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Build an Opening Repertoire (Part 1)
Here's how to avoid losing a chess game in the opening.

It's no secret that masters give contradictory advice on the opening. On the one hand, they advise novice players not to spend too much time working on openings, but to work on middlegames and endgames instead. On the other hand, they spend most of their own time working on the opening!

What's a non-master to make of this? While everyone certainly needs to work on tactics, positional concepts, and endgames, if you lose in the opening, what good does extensive knowledge about the rest of the game do? Surely detailed knowledge of the openings is the fastest way to success.

Unfortunately, it's not.

Improving at chess is like climbing a glass mountain. You make some progress, then you slip back. You recover the lost ground, make a little more progress, and then slip back again. You improve in one area, but you weaken in another area where previously you made progress.

Your objective at the beginning of the mountain climb to chess mastery should be to become familiar with as many different types of positions as possible. You'll only do this if you expose yourself to all sorts of positions in practical play.

That's why there's a difference between what masters do and what they say. Masters have approached the top of the mountain. They've encountered thousands of typical middlegame and endgame positions. They know more about different types of positions than most players know even exist. Factors like personal style and the element of surprise start to become more important.

What do grandmasters know that the masters don't? They calculate variations more rapidly, but that's not the subject of this article. They know even more about different types of positions. And they also spend a great deal of their time preparing the openings!

Grandmasters study the games of their opponents and prepare openings for specific opponents. They study the openings of their own published games looking for surprises that a well-prepared opponent might try to spring. In other words, they work on their opening repertoires and study the repertoires of their opponents.

An opening repertoire is one of the secret weapons that makes a grandmaster. The reasons that grandmasters play what they do are specific to their personal repertoires. Those repertoires are a result of their own preparation, and beyond the understanding of most of the rest of us. That's why you shouldn't pay much attention to the openings that grandmasters use.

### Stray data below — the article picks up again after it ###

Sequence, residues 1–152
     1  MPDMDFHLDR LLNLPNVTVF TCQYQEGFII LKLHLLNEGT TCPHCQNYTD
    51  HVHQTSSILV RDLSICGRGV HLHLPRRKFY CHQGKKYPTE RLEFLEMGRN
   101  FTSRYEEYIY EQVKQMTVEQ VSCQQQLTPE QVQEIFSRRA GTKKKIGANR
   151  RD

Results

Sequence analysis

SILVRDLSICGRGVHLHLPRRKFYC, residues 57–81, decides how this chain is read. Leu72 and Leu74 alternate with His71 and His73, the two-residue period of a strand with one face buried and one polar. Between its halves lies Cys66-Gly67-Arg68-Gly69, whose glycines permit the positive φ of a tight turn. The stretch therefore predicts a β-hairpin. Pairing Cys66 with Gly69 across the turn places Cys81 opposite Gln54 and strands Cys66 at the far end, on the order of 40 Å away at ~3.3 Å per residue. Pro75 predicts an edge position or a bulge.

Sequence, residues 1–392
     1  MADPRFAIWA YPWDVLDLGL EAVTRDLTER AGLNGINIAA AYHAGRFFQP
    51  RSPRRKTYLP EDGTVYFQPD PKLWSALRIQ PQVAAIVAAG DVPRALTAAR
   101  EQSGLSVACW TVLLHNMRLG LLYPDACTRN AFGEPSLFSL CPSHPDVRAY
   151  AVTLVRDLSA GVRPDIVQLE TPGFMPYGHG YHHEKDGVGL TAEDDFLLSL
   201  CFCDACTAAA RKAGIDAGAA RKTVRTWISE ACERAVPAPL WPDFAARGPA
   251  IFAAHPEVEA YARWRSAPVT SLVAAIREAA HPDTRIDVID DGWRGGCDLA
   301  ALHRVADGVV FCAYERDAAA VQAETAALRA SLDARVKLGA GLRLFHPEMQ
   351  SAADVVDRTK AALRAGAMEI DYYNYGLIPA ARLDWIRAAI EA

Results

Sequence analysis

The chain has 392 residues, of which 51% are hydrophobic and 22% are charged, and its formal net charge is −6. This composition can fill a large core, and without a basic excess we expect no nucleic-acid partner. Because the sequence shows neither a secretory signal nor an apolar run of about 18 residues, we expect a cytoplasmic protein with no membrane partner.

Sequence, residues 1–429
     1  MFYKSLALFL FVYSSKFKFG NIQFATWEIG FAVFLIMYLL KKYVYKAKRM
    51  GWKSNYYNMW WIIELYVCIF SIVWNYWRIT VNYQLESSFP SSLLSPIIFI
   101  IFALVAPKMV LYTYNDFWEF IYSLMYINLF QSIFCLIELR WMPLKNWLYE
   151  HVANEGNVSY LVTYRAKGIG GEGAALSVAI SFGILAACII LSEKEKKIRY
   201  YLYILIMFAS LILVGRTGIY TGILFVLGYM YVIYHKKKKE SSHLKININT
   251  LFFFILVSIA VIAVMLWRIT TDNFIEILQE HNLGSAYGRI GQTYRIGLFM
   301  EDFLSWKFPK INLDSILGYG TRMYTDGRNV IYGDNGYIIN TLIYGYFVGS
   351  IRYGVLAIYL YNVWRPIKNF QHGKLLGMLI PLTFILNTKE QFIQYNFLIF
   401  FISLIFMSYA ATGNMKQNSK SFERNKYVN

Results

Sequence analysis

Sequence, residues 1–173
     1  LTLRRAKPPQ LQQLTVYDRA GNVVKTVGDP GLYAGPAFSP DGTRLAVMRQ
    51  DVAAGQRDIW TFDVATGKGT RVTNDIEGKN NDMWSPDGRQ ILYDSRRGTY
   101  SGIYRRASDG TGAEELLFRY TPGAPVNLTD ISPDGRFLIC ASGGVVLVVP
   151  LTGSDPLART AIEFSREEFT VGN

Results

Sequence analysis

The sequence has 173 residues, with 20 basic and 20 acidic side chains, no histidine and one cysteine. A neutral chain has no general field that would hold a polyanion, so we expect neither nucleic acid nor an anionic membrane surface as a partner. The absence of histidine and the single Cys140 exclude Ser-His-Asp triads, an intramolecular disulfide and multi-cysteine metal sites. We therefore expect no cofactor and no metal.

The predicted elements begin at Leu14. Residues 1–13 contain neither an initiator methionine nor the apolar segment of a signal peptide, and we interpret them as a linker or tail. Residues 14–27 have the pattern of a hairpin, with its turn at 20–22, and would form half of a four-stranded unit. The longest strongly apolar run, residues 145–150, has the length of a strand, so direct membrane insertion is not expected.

Most of the published games that you'll encounter are games that have been played by the grandmasters. If it makes you feel good playing what Kasparov or Kramnik plays, that's very nice. You'd get more benefit by working on your own repertoire.

It goes without saying that you can't work on your opening repertoire until you have one. How do you build a repertoire? We'll cover that in a future spotlight.

We'll close this with how not to build a repertoire. Forget about learning openings where your main objective is to have a won game after 10 or 15 moves. This is playing for traps. While you may have the satisfaction of winning a few games quickly, your overall knowledge is not going to increase very much. Your objective in the opening should be to get a game where you feel comfortable. It should also be to get games where you are exposed to the largest number of possible types of positions. Then you'll be pointed the right way on the road to mastery.

 Related Resources
• Part 1 - Avoid losing in the opening
• Part 2 - Select one move per position
• Part 3 - Practical considerations
• Part 4 - Unusual First Moves
• Part 5 - Introduction to 1.e4
• Part 6 - Introduction to 1.d4
• Traps! - Part 1, Part 2, Part 3